|[Part I -
GL,III] "The Wilmington Coal
Flora," by George Langford [Sr.]
published June 1958 by ESCONI, the Earth Science Club of Northern
After twenty years of field work and study, I finally compiled an illustrated manuscript, which recorded my findings in the Wilmington area. About half of the specimens were in the Chicago Natural History Museum [formerly the Field Museum of Natural History - GL,III] collection, the other half in the Illinois State Museum, Springfield, Illinois. The last named half had all been photographed by me before leaving my possession, and all specimens in the two museums had been cleaned and prepared by my special treatment to secure good, clear photogarphy.
Visitors at my Room 97 in the Chicago Museum learned of my manuscript and requested permission to examine it. This finally resulted in a request for permission to show the manuscript to a group of amateur scientists in Downers Grove, Illinois. This was granted, and I thought little more of the matter. The manuscript was soon returned to me by Mr. Harry Witmer of Downers Grove, a total stranger to me. He announced that a group of amateur scientists had examined the manuscript and decided to publish it. The Chicago Natural History Museum Director was agreeable, and the manuscript was being prepared by the printer. It remained for me to waive claims for royalty and other payments, after which the manuscript would be published.
To me, all this was unprecedented and surprising, an undertaking by strangers, unsolicited by me. I agreed to the terms, and the manuscript was published June 1958, at which time the book was dedicated at a meeting of ESCONI in Downers Grove, Illinois. My colleague, Dr. R. H. Whitfield made the presentation. My wife, Sydne [Holmes Langford] and son, George Langford, Jr. were present. Having no oratorical gift, my response was printed, and copies reproduced for society members.
It best expressed my sentiments, as follows:
" To the Earth Science Club of Northern Illinois. When ESCONI and Subscribers decided to publish my manuscript on the Wilmington Pennsylvanian Flora, they were launched upon a major undertaking unprecedented and remarkable, in that it was conceived by collectors, students, and ones interested in the natural sciences like myself.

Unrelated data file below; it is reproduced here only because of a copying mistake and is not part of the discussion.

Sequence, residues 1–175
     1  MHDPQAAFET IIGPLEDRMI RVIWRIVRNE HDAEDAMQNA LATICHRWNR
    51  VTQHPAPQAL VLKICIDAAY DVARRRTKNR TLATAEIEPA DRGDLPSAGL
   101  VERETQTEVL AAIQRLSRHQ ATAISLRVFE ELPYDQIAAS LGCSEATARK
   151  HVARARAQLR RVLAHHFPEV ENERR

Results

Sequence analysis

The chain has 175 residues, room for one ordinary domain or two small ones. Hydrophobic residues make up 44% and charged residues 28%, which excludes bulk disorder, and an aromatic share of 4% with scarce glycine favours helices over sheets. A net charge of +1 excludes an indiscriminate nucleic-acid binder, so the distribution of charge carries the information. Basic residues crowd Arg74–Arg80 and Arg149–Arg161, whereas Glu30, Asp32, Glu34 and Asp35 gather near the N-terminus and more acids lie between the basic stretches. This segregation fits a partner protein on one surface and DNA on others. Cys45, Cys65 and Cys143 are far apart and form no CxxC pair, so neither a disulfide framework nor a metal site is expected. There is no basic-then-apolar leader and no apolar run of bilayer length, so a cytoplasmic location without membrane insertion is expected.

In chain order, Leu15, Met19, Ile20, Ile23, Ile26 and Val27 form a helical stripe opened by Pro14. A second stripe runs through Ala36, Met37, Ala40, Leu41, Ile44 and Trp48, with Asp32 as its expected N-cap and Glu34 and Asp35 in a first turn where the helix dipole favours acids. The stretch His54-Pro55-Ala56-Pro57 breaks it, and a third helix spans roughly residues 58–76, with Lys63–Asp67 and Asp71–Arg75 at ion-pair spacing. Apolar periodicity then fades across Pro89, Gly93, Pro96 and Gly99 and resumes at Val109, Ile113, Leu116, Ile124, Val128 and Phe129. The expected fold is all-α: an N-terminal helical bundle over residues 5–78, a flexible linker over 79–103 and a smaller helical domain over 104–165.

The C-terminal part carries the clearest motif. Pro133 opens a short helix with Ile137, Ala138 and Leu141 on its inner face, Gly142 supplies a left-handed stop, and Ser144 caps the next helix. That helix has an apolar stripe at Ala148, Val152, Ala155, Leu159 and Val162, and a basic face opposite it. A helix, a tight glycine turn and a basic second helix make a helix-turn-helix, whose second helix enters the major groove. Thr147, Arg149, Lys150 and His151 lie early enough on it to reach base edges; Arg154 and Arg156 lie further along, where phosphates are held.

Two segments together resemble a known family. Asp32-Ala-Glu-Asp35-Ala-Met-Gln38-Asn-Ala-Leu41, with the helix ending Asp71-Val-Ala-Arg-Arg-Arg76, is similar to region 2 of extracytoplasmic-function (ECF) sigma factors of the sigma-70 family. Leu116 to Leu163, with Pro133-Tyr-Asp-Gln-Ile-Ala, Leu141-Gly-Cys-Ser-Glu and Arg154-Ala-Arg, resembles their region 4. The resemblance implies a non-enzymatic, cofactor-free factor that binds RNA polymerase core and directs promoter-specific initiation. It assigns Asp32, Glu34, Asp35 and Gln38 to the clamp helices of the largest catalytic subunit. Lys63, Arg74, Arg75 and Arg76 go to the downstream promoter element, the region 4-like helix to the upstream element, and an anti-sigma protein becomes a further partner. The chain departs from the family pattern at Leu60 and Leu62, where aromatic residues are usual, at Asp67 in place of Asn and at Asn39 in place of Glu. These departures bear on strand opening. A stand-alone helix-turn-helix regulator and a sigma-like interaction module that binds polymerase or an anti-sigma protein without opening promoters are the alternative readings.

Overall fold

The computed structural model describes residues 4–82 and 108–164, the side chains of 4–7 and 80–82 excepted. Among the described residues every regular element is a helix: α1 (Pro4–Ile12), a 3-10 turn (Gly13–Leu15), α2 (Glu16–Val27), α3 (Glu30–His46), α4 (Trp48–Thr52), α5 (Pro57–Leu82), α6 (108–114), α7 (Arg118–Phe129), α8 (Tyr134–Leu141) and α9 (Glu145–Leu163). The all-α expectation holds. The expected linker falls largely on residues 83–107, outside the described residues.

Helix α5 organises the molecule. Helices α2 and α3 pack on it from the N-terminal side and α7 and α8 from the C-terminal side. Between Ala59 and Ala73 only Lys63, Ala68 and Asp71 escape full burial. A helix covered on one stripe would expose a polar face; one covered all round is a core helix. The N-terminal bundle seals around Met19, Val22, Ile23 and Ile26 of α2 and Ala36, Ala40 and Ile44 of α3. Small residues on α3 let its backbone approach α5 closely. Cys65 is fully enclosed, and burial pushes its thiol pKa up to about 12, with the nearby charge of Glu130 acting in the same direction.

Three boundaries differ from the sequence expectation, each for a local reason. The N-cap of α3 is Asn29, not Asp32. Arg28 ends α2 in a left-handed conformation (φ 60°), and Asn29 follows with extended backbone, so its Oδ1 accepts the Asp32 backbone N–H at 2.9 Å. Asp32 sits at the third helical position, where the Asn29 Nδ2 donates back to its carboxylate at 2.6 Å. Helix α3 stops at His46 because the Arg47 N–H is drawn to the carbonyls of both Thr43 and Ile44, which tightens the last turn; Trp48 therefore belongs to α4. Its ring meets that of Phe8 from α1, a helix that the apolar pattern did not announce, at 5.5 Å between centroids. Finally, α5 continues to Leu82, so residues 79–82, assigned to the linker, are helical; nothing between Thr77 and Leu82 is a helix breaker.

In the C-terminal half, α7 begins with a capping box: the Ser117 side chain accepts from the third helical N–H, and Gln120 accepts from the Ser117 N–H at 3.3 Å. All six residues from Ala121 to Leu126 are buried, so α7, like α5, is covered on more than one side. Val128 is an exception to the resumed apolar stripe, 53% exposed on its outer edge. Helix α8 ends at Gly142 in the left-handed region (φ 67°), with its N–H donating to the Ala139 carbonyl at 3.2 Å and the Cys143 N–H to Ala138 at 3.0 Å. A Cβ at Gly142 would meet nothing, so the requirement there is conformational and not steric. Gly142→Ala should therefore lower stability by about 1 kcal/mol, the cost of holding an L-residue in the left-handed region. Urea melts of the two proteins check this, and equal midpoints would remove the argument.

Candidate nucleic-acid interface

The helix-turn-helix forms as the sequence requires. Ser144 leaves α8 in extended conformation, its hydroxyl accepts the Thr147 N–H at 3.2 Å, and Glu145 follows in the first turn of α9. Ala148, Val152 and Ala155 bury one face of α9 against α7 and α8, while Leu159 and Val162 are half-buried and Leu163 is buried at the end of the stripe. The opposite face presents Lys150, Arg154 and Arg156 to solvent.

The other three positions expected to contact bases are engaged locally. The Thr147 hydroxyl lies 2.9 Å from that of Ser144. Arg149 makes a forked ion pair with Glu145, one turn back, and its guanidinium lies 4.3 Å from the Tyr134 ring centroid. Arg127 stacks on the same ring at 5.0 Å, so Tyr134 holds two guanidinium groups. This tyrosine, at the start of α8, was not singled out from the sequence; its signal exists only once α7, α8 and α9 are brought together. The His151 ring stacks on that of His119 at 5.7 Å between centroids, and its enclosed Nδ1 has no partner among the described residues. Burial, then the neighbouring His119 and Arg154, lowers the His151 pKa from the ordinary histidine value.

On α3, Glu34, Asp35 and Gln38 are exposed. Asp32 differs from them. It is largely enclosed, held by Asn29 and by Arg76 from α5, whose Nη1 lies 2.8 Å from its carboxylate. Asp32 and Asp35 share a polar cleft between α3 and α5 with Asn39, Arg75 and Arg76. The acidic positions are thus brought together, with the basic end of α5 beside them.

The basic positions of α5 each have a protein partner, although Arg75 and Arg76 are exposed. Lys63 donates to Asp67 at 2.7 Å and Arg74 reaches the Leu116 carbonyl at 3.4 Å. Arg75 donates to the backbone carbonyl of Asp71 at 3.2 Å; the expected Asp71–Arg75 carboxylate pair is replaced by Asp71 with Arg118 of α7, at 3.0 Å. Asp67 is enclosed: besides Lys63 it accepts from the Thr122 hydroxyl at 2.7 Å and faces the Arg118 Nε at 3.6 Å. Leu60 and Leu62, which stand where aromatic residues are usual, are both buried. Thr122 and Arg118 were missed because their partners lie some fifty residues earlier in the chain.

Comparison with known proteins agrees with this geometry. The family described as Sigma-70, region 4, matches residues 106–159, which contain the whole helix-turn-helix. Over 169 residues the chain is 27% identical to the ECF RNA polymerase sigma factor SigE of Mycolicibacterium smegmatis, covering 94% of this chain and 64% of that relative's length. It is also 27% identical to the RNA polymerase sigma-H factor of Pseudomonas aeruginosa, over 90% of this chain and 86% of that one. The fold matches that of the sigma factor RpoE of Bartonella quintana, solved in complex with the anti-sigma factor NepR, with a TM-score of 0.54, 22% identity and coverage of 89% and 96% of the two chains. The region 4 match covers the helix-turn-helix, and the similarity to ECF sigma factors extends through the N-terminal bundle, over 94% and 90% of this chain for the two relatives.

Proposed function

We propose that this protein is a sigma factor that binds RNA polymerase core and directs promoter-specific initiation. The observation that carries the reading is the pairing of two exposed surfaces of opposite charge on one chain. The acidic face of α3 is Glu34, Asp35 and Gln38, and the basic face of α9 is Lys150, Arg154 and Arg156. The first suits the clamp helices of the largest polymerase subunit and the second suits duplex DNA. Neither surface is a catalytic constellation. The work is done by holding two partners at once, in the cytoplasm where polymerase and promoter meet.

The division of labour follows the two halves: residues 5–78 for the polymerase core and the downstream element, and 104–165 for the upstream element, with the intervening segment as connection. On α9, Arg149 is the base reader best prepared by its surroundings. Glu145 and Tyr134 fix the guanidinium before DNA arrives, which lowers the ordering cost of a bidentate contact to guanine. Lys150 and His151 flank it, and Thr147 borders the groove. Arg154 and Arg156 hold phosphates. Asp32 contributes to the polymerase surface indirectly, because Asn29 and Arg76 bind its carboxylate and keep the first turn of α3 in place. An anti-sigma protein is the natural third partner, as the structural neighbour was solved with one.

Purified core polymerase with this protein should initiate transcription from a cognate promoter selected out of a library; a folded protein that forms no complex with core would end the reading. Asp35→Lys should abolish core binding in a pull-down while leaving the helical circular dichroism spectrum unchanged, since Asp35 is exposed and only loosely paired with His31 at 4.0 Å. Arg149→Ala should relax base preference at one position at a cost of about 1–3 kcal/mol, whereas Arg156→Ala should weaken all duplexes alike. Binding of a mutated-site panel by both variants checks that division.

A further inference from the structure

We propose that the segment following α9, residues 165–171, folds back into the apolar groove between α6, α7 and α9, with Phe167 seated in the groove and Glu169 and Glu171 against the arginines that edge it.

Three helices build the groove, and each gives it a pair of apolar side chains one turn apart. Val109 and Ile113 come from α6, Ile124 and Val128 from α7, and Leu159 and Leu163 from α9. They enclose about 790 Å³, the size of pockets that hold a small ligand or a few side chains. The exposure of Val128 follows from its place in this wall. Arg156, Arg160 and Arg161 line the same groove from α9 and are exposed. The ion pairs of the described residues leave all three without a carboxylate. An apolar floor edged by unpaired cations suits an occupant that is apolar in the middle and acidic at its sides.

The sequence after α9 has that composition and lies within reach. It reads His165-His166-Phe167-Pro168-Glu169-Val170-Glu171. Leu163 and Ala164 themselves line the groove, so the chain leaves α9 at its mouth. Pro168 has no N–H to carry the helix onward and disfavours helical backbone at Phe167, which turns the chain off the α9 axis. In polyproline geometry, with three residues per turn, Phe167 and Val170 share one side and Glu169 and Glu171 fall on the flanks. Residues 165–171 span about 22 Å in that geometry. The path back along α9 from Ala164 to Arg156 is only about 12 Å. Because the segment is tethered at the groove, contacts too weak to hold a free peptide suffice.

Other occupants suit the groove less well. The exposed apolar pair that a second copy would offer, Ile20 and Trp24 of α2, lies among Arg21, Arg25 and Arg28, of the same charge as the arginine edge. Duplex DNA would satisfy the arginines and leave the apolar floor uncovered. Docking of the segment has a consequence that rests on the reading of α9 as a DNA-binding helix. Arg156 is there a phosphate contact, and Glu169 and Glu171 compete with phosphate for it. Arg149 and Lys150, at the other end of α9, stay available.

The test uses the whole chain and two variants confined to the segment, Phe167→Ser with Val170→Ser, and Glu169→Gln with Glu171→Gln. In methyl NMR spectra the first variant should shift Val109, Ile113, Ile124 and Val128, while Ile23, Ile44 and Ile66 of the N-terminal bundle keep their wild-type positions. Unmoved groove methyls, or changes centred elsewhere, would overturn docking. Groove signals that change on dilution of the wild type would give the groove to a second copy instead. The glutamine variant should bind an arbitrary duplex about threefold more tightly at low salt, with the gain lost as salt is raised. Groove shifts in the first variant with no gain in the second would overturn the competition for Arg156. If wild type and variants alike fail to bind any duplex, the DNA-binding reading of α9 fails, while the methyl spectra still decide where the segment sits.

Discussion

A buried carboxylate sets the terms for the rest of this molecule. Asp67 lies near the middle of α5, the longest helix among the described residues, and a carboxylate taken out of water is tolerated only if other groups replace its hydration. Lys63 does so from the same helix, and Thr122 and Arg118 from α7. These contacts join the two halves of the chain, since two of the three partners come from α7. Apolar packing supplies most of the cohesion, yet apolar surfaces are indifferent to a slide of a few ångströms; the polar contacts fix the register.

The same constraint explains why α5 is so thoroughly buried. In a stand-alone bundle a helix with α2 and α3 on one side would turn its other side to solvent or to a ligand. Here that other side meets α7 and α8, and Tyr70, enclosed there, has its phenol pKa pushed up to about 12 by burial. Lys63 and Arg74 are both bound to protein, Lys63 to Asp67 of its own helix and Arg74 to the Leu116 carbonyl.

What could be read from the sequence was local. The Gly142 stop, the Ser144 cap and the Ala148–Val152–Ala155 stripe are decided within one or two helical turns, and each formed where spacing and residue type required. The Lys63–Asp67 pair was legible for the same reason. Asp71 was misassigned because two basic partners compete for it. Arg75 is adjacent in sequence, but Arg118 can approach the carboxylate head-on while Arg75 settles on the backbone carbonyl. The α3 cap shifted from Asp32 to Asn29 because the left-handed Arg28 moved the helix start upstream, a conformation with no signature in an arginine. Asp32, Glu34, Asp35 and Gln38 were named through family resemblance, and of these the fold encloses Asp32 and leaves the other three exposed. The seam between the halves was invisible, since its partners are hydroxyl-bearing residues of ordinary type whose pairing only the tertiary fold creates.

"As far as I am aware, such a venture has never before been attempted by any group of non-professional scientists. This evidence of popular approval is by far the finest tribute that could be paid my work.
"A high degree of courage and ability is shown by ESCONI who, lacking substantial support from any outside sources, has assumed the burden of cost and administration.
"The authorship is a minor consideration. It is the finished book that counts. But above all, the real credit is due ESCONI and Subscribers who have made my manuscript a reality.
"I earnestly hope that their efforts will be rewarded with success.
"George Langford, June 13, 1958."
The "Subscribers" were the financial backers. They assumed the cost of two hundred gilt-covered copies signed by the author and eight hundred green-covered books, unsigned; selling prices $20.00 and $9.80, respectively, to cover the costs they assumed. If the book has been sponsored by a scientific institution,, the prices would have been much less.
[Part II - GL,III] My time has been spent entirely on Pennsylvanian Flora of the Strip Coal Mines, the bulk of which I, among others, collected in Wilmington Township, Will County, Illinois. After about twenty years of study, compiling and revising, I am completing a Part II of the "Wilmington Coal Flora" as an addition to Part I, which was published June 1958 by popular subscription. Although this Part II may never be published, it is essential to the record, the manuscript consisting of the necessary descriptions, photographs, and drawings.
This Part II has been more difficult than Part I and has entained procedures of my own devising for acquiring new information, and for undertaking new ventures in problems regarding isolated specimens of species not fully understood, and to some extent, disregarded.
Although the most difficult, this is by far the most interesting work I have yet attempted.
The Wilmington Coal Flora is the largest of the [Field] Museum's fossil plant collections, and by far the most interesting to scientists and laymen.
As I have been largely instrumental in collecting, studying, and recording it, mine is the responsibility for fully presenting all the details necessary to make its scientific value complete.
In this, I am greatly assisted by the descriptions, photographs and drawings I made of a fine and large collection disposed of 1939-1940 to the Illinois State Museum, Springfield, Illinois. Other fine but smaller collections were donated by me for exhibitions: Colorado Natural History Museum, Denver, Colorado; Augustana College, Rock Island, Illinois; Academy of Science, St. Paul, Minnesota; United States Geological Survey, Washington, District of Columbia; Yale University, New Haven, Connecticut; and others. All of these sent to others were cleaned and treated for display and better preservation, some of the three hundred or more films [negatives - GL,III] now in my possession have been loaned to others for published illustrations, and many are now being used in Part II of the "Wilmington Coal Flora."
[unsigned, but in the steady handwriting of George Langford, Sr.]